There has been an ecstatic welcome for Aung San Suu Kyi in Thailand, on her first trip outside Myanmar in over two decades.
The pro-democracy leader was greeted by cheering crowds at a prawn market and a migrant centre south of Bangkok, in an area with a large Burmese population.
They are among some two and a half million migrants who are thought to have fled the impoverished country to work in manual and low-skilled jobs in Thailand.
Many send money back to their families at home.
For them, Suu Kyi is a sign of hope. Some waved photos of her and her father, a general who was assassinated.
“Aung San Suu Kyi has been under arrest for a long time,” said 27-year-old Burmese woman Yne Yne Thin. “She doesn’t know about the hardships faced by people, those faced by girls who’ve come to work in Thailand. So these girls – like daughters – are welcoming her.“when she comes to Thailand so she knows about us.”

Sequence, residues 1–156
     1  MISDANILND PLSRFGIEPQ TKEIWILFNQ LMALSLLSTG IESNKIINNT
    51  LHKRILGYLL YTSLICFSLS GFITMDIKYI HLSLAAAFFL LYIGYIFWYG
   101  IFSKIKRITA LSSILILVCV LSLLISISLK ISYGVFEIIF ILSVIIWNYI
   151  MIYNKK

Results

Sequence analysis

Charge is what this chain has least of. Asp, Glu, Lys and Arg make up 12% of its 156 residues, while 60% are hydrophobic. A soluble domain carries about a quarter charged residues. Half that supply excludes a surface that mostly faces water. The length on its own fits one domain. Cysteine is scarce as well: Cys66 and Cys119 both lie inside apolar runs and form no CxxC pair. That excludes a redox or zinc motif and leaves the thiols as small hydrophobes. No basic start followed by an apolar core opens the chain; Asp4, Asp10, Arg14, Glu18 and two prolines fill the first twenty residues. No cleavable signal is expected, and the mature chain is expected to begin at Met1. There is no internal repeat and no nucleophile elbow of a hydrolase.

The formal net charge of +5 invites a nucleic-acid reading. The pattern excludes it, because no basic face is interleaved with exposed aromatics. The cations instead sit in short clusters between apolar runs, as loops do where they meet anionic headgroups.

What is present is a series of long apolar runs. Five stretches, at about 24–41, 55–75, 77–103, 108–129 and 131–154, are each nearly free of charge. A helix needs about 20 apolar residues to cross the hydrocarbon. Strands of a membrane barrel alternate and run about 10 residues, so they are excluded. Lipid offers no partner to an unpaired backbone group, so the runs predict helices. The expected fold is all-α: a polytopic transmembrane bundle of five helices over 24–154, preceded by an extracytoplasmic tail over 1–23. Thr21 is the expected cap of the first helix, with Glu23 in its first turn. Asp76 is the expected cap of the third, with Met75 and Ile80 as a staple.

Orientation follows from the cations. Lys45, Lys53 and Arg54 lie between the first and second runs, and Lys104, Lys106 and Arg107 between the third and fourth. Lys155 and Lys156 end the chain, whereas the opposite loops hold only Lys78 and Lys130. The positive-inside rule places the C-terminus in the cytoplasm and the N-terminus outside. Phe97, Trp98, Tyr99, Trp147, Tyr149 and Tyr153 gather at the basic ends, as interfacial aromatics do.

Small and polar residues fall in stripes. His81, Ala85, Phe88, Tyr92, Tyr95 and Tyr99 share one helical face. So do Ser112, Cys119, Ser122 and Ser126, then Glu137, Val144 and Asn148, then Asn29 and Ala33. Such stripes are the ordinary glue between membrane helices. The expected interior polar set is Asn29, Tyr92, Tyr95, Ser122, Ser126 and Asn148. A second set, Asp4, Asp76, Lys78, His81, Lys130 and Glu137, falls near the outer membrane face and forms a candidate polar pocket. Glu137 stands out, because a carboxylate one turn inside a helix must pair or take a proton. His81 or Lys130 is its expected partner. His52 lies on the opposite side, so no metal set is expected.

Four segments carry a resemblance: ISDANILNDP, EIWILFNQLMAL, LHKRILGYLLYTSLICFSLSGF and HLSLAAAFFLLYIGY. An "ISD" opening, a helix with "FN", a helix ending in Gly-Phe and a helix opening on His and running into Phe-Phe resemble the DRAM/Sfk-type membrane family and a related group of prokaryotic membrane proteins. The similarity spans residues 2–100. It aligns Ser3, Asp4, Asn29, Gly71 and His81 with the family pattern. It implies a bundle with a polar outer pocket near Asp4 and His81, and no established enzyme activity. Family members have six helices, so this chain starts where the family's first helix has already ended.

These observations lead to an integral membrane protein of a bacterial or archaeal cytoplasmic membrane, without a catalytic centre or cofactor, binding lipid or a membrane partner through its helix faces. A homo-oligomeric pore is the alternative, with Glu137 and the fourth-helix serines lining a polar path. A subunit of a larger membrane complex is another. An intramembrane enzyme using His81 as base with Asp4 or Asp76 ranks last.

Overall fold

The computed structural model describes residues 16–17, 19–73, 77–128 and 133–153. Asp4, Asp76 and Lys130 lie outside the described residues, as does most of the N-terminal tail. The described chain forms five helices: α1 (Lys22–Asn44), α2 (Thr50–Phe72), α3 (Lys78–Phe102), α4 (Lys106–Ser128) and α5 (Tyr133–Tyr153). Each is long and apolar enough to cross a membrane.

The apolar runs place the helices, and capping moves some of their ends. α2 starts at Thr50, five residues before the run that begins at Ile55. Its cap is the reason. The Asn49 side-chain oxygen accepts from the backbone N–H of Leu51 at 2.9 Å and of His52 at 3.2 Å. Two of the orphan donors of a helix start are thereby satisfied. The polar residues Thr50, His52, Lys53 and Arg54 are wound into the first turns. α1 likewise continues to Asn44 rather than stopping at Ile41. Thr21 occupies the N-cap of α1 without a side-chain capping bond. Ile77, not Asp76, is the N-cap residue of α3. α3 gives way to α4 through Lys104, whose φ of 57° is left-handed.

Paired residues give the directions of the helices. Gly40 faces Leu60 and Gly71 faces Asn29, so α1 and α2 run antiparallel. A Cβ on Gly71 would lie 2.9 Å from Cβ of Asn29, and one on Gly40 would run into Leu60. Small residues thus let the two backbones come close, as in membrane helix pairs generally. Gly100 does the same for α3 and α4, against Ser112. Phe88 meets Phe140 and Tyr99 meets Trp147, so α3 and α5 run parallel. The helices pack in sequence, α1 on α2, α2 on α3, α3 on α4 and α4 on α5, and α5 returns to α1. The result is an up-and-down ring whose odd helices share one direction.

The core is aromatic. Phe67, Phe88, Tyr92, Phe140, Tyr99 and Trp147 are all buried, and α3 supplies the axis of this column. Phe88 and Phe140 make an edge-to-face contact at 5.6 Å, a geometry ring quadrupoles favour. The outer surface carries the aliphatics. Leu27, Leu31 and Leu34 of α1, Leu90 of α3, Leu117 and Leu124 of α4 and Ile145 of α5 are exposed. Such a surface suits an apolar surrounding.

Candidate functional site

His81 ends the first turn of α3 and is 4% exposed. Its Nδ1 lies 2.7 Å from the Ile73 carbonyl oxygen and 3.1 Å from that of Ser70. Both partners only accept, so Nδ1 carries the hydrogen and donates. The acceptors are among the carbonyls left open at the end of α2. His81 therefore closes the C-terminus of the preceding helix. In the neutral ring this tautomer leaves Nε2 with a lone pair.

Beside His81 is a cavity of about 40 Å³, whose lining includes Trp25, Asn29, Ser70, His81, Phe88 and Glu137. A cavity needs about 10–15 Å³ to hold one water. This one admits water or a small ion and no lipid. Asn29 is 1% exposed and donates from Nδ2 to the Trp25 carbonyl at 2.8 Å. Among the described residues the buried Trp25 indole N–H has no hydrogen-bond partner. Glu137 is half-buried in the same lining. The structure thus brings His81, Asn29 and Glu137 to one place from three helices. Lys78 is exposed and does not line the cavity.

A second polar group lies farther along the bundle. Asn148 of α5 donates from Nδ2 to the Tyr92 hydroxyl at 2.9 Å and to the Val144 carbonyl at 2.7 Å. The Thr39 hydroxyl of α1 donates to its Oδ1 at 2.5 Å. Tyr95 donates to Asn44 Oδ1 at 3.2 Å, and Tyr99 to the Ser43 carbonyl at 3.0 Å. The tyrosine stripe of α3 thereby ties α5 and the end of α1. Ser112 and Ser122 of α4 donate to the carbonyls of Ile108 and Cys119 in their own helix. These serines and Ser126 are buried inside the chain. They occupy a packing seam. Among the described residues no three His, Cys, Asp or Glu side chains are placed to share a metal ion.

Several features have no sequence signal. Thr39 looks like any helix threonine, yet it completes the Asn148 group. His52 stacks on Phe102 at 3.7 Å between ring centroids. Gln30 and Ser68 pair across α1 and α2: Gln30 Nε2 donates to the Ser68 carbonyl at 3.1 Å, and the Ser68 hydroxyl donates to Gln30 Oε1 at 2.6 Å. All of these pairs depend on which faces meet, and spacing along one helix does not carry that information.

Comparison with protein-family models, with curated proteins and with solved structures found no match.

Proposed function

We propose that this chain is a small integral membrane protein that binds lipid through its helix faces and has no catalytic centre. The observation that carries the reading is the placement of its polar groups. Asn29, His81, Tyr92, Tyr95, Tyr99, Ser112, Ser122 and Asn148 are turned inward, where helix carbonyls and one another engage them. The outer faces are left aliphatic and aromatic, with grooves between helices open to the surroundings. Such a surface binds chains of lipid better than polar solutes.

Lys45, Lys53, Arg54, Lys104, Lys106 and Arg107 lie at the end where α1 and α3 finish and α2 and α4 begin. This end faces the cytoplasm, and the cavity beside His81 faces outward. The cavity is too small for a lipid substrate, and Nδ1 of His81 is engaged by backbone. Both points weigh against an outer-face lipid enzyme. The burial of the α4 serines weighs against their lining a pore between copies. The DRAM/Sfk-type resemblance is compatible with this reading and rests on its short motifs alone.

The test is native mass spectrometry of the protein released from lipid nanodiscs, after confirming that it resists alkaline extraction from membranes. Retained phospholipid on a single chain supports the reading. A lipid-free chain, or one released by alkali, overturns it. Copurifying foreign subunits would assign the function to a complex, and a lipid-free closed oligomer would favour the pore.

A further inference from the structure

Suu Kyi told the cheering crowd not to feel depressed or weak. “History is always changing,” she said. “I’ll make you one promise: I will try my best for you.”
The Nobel prize winner spent 15 years in detention in Myanmar, also known as Burma. Until now she has feared she would not be allowed to return if she left the country.
Her visit is seen as a sign of confidence in reforms underway at home after decades of military rule.